The Daily Gazette
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Bills that Cuomo liked and disliked

Friday is known fondly in the communications business as “take out the trash day,” and this was the case on Sept. 23, when Gov. Andrew Cuomo signed and vetoed dozens of bills.

The Daily Gazette already reported one veto, which created a $1.3 million budget gap for the Schenectady City School District, but there were also some interesting bills signed into law.

Here’s some legislation you might not know about:


You’ll get a little more time with your animal if it’s suspected of having rabies, thanks to legislation signed by the governor.

Previously, animals believed to have come in contact with a possibly rabid animal needed to be housed in an animal shelter, veterinarian’s office or kennel, before the health of the possibly rabid animal was tested. Now that ambiguous period can occur in the pet’s home, as long as precautions are taken to prevent its escape.

The legislation, which was sponsored in the Senate by Republican Hugh Farley of Niskayuna, is designed to be an alternative for people who can’t afford the shelter or vet options and had prematurely euthanized their animal or simply sent it away.


You can no longer pay it forward with your personal income taxes in New York state.

A bill signed into law on Friday by Gov. Andrew Cuomo will make it impossible for individuals, whose prepayments and credits are more than the income tax they owe, to use that overage toward their taxes for the next year.

Passed unanimously, after two years of struggling through the Senate, this law was billed as a way to protect people from themselves. The bill’s statement in support notes there are two types of errors involved in the old model, which are people accidentally crediting their next year’s taxes and errors by the state in filing the information.

Additionally, the proponents note that sometimes a financial situation can go unexpectedly wrong and people need that refund money, which under the old model would be unavailable.

The new law includes corporate franchise tax overpayment.


As for the veto of Schenectady’s transportation aid bill: Money is too tight to forgive the mistake the school district made years ago, Cuomo said in a veto message that will cost the school district $1.3 million.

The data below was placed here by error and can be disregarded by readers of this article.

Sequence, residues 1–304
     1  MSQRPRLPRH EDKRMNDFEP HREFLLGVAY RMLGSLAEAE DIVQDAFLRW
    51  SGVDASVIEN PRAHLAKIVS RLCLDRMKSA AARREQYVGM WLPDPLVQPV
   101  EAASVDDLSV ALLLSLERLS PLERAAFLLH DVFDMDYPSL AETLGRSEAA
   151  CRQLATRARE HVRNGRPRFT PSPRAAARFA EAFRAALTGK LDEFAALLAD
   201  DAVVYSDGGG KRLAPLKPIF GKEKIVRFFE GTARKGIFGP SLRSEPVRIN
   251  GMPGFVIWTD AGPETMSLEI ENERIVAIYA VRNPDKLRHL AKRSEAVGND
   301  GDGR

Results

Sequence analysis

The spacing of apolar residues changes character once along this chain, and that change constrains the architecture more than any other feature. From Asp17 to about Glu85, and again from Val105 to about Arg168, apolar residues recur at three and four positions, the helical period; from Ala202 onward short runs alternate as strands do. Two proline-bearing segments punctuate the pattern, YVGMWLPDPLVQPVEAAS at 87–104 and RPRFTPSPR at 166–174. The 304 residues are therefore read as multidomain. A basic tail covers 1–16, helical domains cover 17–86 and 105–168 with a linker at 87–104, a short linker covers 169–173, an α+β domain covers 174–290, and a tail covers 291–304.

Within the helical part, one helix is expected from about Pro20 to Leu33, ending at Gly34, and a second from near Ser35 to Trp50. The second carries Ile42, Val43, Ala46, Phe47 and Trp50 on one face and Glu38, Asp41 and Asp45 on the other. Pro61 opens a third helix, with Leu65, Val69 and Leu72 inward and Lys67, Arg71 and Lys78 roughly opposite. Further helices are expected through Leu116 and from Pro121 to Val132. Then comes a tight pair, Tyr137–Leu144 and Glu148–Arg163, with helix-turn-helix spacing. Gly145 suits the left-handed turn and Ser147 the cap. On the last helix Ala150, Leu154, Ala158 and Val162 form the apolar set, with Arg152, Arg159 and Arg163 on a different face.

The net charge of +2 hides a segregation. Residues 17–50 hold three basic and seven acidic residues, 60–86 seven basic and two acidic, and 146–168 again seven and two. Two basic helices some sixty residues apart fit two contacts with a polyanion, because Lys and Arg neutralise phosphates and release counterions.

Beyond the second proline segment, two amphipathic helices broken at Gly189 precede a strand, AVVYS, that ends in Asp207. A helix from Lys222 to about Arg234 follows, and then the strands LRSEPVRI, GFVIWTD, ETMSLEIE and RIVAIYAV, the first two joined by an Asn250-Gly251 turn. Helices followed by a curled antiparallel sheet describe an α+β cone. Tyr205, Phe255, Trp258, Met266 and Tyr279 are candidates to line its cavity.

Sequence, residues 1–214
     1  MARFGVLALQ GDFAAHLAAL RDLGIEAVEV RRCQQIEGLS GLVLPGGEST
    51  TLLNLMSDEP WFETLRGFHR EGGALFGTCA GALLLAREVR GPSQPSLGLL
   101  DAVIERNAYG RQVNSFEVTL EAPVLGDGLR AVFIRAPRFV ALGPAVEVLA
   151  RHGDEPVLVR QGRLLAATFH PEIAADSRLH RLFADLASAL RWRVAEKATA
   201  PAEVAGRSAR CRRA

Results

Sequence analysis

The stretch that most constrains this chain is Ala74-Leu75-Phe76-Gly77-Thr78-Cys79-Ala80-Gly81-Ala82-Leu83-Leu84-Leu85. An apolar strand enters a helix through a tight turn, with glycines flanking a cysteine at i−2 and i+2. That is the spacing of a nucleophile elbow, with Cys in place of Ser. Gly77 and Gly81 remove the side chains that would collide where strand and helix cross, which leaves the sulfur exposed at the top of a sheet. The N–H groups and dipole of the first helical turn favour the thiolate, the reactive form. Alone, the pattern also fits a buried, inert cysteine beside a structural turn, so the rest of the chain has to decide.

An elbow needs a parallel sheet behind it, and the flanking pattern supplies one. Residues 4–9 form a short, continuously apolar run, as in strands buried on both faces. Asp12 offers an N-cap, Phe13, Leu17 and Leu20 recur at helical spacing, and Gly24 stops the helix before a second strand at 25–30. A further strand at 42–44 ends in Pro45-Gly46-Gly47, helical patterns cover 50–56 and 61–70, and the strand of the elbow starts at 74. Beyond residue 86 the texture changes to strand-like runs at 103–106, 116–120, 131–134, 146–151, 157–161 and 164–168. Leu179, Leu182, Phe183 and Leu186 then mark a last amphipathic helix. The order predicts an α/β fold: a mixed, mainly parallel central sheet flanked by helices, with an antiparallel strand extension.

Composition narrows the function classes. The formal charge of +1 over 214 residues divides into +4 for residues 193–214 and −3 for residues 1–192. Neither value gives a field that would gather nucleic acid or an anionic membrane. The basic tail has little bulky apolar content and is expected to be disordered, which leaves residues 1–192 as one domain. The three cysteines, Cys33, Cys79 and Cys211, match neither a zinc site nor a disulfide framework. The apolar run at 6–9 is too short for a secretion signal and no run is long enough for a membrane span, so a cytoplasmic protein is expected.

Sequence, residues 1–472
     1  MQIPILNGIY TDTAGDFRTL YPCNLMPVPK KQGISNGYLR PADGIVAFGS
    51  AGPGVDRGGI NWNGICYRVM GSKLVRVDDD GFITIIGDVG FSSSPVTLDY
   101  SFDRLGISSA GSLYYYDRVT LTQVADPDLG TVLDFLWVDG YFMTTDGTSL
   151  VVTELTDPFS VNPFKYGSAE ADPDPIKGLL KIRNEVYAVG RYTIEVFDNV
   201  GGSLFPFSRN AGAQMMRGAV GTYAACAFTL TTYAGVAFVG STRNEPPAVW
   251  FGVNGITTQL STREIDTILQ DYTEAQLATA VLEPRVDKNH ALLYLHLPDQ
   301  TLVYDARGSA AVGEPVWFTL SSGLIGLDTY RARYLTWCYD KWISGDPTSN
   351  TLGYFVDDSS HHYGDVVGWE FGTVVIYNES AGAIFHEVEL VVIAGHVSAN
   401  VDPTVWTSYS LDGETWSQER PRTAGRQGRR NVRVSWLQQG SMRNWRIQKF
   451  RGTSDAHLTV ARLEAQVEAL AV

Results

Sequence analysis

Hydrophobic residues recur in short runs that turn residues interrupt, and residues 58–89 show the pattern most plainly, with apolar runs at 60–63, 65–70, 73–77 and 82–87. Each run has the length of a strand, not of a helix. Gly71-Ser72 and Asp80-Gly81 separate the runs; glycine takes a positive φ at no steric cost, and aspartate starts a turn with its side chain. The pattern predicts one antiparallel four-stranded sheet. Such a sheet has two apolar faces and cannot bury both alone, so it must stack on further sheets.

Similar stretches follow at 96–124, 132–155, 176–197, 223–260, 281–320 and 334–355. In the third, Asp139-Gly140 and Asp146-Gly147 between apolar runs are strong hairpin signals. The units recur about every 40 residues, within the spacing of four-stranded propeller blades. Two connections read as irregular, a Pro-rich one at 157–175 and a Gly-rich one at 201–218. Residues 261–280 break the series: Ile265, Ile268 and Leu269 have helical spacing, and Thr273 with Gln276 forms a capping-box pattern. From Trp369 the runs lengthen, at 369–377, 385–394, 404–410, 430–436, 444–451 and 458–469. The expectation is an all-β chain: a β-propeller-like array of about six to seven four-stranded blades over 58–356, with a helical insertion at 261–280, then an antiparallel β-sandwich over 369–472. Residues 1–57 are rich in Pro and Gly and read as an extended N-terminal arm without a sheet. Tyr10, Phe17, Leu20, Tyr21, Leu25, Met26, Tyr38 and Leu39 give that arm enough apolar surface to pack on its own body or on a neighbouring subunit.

“I understand the negative impact that the loss of these funds will have on the local school district,” Cuomo wrote, “but given the State’s fiscal condition I am constrained to disapprove this bill.”

The district will be forced to give back $1.3 million to the state this year for money it got years ago in transportation aid. The money was correctly spent, but the district made a mistake in its classified ads for competitive bids.

The district did not include the criteria that would be used to judge the bids. However, every contractor who contacted the district about the bid was given that criteria before bidding.

After the mistake was discovered, the state took back $2.5 million last year and told the district to give back the rest of the money this year.

Then the Assembly and Senate passed a bill that would have forgiven the district’s mistake and returned the money. Cuomo vetoed it, saying he knew the district could ill afford to pay back the aid — but that the state couldn’t afford to do without the cash either.

But Sen. Farley, said the state had already paid the transportation contracts and set aside the money to reimburse Schenectady. He argued that forgiving Schenectady would not hurt the state’s bottom line.

The school board president, Cathy Lewis, said the veto was a punishment that will unfairly force the district to cut $1.3 million out of the current year’s budget.

“He’s penalizing us severely. It’s not just about the $1.3 [million], it’s about the $2.5 [million] he took last year,” she said. “We can’t keep pulling rabbits out of the hat.”

Gazette reporter Kathleen Moore contributed to this blog. Reach her by email to Reach Gazette reporter David Lombardo at

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